There exists an image of the solitary genius, toiling day and night, pushing toward a “Eureka!” moment that will clarify deep mysteries. The parts are true enough. Research does entail long hours of hard work. Illuminating breakthroughs do strike. And having a nimble, brilliant mind certainly helps. But isolation isn’t a hallmark of today’s research.
Whether we’re talking chemistry or economics (or medicine, or engineering, or…), teamwork drives innovation. At McGill, we know that collaboration, between colleagues and between professors and students, is the soil from which outstanding ideas grow. Research partnerships don’t stop at the campus gates, either.
There are challenges that simply can’t be met by any one university or company. A massive project like the Large Hadron Collider in Switzerland was once thought impossible—and, in fact, is only possible through the collaboration of 8,000 physicists and hundreds of universities in some 85 countries (including, from McGill, eight professors, four post-doctoral fellows and research assistants, and seven graduate students), making it likely the largest inter-institutional and international research infrastructure project ever realized. The goal for my office’s partnership staff is to develop domestic and international research partnerships that, although not on the scale of the Large Hadron Collider (but, really, what is?), will help build the future.
Sometimes it’s about bringing new blood to McGill. The University is excited to have four proposals among the 40 shortlisted for the Canada Excellence Research Chairs program, which aims to attract and support world-class researchers in areas of strategic importance to Canada. Keep an eye on the newly redesigned Headway website for CERC developments.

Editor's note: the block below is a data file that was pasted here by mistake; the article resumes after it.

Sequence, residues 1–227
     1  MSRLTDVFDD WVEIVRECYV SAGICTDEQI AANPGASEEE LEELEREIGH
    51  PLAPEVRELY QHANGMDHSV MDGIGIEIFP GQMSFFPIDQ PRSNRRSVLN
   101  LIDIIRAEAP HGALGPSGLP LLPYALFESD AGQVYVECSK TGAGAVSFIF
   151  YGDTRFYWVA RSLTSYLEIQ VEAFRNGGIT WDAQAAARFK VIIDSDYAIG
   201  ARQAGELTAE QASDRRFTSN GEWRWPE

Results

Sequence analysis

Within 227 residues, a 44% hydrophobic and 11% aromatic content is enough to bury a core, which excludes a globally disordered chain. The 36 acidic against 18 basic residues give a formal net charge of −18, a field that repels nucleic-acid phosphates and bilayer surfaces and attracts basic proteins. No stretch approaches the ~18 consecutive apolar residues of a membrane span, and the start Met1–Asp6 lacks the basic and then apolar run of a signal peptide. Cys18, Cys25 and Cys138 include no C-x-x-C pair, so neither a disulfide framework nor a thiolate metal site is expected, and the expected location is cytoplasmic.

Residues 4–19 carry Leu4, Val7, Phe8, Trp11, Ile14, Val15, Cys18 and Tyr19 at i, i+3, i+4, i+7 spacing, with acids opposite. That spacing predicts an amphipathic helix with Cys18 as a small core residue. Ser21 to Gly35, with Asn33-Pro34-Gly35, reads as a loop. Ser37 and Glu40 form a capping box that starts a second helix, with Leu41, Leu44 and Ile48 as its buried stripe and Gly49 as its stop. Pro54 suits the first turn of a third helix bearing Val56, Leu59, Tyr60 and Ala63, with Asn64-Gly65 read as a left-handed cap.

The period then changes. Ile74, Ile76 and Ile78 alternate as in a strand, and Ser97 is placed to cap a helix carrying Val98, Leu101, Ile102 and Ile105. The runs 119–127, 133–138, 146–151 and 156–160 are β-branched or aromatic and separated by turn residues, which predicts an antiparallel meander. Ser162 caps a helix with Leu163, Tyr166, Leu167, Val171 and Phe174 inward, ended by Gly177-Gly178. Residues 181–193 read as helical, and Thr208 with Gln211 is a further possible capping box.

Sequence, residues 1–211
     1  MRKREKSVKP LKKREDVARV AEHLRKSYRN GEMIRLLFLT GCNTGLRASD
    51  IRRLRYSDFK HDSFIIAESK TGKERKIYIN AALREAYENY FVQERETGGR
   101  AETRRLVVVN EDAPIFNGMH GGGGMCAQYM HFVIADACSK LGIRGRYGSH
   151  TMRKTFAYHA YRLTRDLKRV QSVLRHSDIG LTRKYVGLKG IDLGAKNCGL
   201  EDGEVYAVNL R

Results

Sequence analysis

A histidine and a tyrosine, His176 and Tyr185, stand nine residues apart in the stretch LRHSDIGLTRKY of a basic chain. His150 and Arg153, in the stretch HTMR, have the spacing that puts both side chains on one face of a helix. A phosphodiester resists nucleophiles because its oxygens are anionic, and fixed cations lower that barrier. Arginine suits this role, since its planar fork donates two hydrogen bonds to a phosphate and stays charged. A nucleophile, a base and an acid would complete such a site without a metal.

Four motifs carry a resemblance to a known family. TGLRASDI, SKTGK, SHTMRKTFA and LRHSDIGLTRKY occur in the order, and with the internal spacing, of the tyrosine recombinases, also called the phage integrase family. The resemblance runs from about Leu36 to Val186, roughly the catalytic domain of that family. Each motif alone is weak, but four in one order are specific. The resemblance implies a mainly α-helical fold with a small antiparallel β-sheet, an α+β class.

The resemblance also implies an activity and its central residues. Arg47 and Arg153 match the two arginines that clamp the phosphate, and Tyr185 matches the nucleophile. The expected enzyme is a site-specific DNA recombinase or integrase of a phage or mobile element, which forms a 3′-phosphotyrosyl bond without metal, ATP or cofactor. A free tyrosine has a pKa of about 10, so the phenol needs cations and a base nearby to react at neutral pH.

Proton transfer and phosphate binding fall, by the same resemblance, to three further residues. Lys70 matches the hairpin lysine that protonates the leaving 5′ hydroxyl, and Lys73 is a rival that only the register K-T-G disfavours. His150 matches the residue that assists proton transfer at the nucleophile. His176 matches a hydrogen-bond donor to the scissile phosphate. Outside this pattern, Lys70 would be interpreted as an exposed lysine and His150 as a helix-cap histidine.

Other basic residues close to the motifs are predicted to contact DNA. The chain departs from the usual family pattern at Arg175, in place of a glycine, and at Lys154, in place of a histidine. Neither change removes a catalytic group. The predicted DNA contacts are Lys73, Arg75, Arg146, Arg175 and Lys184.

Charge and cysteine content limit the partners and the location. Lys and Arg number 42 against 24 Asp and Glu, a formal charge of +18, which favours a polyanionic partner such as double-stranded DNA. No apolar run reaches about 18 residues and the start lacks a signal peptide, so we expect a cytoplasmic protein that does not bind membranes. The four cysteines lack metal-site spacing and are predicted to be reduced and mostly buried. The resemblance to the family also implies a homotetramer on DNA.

Sometimes it’s about forging new relationships between our existing talent and other parts of the world. Case in point: The Canada-California Strategic Innovation Partnership, co-administered by ISTP Canada and the University of California, aims to parlay industrially relevant R&D projects into new business models of bilateral collaboration. McGill is thrilled to be leading five of the 15 projects granted in Canada—a reflection of our researchers’ high calibre—and eager to build strong partnerships in what is widely considered a global centre for technology and environmental innovation. On the other side of the globe, we’ve been deepening our relationship with RIKEN, one of Japan’s largest research organizations. New McGill-RIKEN collaborations include the FANTOM4 Consortium about mammalian gene control (McGill professor of biochemistry Josée Dostie is the only Canadian member) and Paul Lasko’s Developmental Biology Research Initiative to explore the mechanisms behind regenerative medicine. We’re confident this is just the beginning of a long, prosperous relationship with what is one of the world’s leading sites of interdisciplinary research excellence.
That’s tomorrow. Then there are our partnerships that are bearing fruit today—and that’s the focus of this, our eighth issue of Headway. Whether it’s understanding the mysteries of the human brain (“Outside the Music Box”), or reducing harvest spoilage (“From Green Revolution to Evergreen Solutions”), McGill researchers are using partnerships to drive change. Because behind every outstanding breakthrough is an outstanding team.
McGill has much to be proud of in its teams’ achievements. During my tenure as Vice-Principal, I have been extremely proud to have helped build many of the partnerships you will read about between these covers—and I eagerly look forward to the breakthroughs and innovations the coming years will bring.
(Research and International Relations)